One Man’s Speech

“If your freedom of speech has no limits, may you accept our freedom of action.”   

This was a statement painted on a wall in Cairo where protestors yesterday stormed the U.S. embassy.  And this morning, we learn that U.S. Ambassador to Libya, Christopher Stevens was killed along with three other embassy staff in a rocket attack on their car.  These acts and other protests in the Middle East are in response to a film, The Innocence of Muslims, that supposedly contains insulting depictions of the prophet Muhammad and was recently promoted by the Muslim-bashing, Florida pastor Terry Jones.

This is a travesty in the world of diplomacy as much as it may also be a painful examination into the nature of free speech. It is a terrible thing when thoughtful leaders and diplomats have to avoid starting wars because the worst of us has inflamed the worst of them, but is there anything we can learn from this?

The First Amendment protects Jones’s right to be a colossal son of a bitch and the Israeli filmmaker Sam Bacile* to spew whatever nonsense he chooses. As Americans, we value the sanctity of speech to the extent that we must endure hate speak for what it is and know that it does not represent who most of us are. And I, for one, would not have it any other way. To the Middle East citizens who have risen in protest, however, no such distinctions are made. Their cultural indignation resulted first in protest, which is speech, and then in assassination of  four members of our State Department, which is not.

Is this a digital age story?  I think so. Jones and Bacile enjoy the same, free tools as everyone else for disseminating their venom, and they wound up killing American public servants and creating a diplomatic nightmare for the State Department. If that isn’t an example of the dangers of amateur kooks wielding powerful communication tools writ large, I don’t know what is. I have no thesis to offer, only an invitation to share your thoughts.  Certainly, it is clear in moments like this that while speech should always be free, it can run smack into some very substantial limits without anyone passing a single law.

*UPDATE:  The story keeps getting stranger.  Bacile may not even exist.  Read this from The Atlantic. 

FURTHER UPDATE:  Reports today (9/13) indicate that the Libyan attack on the American consulate may have been planned, possibly even for 9/11, and that the attackers seized on the opportunity of the protests against the film.  At this point, the attack is still being investigated, and no party has claimed responsibility.

© 2012, David Newhoff. All rights reserved.

Follow IOM on social media:

18 comments

  • When the filmmaker didn’t get enough of a reaction, he uploaded a translation just to make sure that the Muslim world understood what he had created.

    When is are people going to acknowledge that the right to free speech is a responsibility? Inciting a riot is a crime. When will hate-mongers be brought to be responsible for their speech?

  • I wouldn’t say it is a “digital age” (though “digital” is a contributing factor) story, but rather a “global village” story, liberally mixed with conflict of values – one that cannot be peacefully resolved and will continue to plague humanity in the coming decades.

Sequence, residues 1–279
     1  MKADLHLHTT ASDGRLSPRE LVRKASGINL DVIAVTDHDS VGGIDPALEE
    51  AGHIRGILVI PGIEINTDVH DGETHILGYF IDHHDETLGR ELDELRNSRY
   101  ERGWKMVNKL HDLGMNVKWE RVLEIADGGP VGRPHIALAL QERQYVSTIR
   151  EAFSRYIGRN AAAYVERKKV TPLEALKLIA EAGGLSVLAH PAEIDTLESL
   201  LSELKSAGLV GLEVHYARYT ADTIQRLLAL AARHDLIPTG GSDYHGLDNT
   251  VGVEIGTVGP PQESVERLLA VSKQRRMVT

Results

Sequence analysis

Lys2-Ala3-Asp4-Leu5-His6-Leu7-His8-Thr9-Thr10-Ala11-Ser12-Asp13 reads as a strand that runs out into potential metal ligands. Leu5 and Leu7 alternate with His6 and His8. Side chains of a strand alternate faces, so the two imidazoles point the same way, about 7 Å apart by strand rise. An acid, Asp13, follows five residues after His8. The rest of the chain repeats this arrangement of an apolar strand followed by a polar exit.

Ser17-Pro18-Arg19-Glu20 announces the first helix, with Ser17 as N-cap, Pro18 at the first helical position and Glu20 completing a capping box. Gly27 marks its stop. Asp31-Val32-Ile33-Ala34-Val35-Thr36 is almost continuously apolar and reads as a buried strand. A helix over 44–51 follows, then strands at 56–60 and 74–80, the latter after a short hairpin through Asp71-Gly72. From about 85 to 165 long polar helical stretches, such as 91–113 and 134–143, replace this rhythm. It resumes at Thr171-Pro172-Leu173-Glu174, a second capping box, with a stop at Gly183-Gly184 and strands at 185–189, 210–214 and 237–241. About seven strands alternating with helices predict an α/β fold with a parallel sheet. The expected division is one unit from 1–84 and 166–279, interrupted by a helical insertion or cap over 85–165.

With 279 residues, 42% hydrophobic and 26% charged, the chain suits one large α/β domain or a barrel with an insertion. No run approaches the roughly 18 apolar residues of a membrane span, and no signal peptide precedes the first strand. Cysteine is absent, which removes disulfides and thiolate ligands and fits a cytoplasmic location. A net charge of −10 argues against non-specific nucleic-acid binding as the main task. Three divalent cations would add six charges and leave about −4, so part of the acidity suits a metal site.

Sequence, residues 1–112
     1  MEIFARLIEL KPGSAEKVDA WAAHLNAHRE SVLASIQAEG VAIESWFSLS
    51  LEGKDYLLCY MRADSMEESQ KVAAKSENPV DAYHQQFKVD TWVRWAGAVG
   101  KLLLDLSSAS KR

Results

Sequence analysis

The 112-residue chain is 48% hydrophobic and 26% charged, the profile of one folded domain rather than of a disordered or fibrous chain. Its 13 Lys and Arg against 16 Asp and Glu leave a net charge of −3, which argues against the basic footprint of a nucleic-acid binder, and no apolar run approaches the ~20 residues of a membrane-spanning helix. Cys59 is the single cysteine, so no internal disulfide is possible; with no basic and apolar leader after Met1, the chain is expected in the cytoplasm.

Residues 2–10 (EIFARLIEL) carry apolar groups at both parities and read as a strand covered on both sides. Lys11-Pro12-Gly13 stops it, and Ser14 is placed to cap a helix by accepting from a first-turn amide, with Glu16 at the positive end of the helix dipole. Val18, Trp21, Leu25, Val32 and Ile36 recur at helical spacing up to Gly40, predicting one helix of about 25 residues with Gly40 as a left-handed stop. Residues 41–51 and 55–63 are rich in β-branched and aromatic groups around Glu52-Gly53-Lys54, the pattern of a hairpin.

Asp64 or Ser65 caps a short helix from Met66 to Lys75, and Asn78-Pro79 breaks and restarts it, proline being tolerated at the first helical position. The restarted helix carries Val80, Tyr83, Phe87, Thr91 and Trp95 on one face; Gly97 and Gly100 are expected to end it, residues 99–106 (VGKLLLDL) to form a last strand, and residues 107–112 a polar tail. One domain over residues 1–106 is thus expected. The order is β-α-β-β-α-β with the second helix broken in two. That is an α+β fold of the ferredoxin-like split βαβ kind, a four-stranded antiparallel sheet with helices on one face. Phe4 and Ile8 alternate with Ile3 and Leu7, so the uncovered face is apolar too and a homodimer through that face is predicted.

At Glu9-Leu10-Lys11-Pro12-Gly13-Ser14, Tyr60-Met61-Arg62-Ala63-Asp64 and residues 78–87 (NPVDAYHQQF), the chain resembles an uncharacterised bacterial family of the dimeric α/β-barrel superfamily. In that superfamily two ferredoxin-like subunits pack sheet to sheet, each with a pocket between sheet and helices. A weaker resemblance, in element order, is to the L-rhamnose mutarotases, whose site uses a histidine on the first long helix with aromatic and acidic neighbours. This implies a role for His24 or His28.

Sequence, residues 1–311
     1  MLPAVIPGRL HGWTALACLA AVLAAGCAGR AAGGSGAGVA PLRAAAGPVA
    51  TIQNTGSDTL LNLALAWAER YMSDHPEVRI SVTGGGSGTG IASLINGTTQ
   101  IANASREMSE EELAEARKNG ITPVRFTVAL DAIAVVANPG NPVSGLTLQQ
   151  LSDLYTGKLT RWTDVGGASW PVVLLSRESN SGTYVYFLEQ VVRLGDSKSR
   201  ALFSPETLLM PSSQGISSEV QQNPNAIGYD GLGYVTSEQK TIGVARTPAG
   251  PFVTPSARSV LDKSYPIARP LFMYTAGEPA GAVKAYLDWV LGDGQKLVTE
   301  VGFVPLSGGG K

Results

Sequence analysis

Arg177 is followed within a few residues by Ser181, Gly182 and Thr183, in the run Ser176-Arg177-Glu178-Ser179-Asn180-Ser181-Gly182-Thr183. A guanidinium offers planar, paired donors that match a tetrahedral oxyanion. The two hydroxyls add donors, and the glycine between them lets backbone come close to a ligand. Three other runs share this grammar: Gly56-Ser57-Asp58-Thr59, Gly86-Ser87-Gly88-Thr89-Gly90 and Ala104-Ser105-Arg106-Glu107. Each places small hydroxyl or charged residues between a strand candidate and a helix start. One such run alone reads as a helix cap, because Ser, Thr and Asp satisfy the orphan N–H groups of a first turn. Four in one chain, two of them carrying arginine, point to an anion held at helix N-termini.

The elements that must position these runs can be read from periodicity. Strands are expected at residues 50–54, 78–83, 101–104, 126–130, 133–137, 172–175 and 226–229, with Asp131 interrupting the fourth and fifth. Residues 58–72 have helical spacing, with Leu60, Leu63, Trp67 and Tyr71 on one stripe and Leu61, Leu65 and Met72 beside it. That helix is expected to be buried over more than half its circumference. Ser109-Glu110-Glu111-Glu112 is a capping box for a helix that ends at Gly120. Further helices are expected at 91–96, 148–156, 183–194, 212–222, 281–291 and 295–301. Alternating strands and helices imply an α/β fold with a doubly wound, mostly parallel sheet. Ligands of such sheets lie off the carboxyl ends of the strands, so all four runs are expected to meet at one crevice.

Up to a point, the existence of conflicting value systems was made possible by geographical divides. A hundred years ago, nobody in Libya would have known what some nutty Florida pastor was ranting about – and thus nobody would have cared. These days, things that happen on the other side of the globe might as well be happening in your back yard. The internet allows news to travel faster and further, but any other form of mass media would also do the trick.

    As for the conflict of values, this is where matters get ugly. In short: value systems are oft times mutually exclusive – there is no way to reconcile the idea that men should be able to speak freely with the idea that there are some things men should never say. There is no way to reconcile the idea that men are free to hold whatever religious or philosophical beliefs they choose with the idea that anyone holding a different set of beliefs from your own is automatically a bad guy.

    Terrorism – such as we have seen in years past, but more starkly the attack in Libya – is an attempt to impose one value system upon another culture by force. Let’s make no mistake, if the U.S. imposes sanctions upon its citizens for speech that offends islamic religious sensibilities (meaning any speech that would constitute blasphemy in Islam) – purely for the sake of protecting its citizens – it will mean that portions of the islamic value system will become an integral part of U.S. culture, no less than in countries under Sharia law.

    One may ask what harm is there in seeking not to offend, but one basic feature of human nature is that someone’s always gonna get offended. In Poland, we’ve seen numerous instances of fundamentalist Catholics going out of their way to get offendeded (by attending black metal concerts, for example). From a purely religious standpoint: both Christians and Muslims believe that they hold the truth of God’s teachings and that infidels are going to Hell. Both cannot be true at the same time. Thus, anyone preaching that Islam is a false religion, automatically causes offence. At the same time, were we to prohibit such preaching, the result would essentially be the preference of one religion over another (caused by the fact that Christians – as a rule – don’t put infidels to the sword anymore).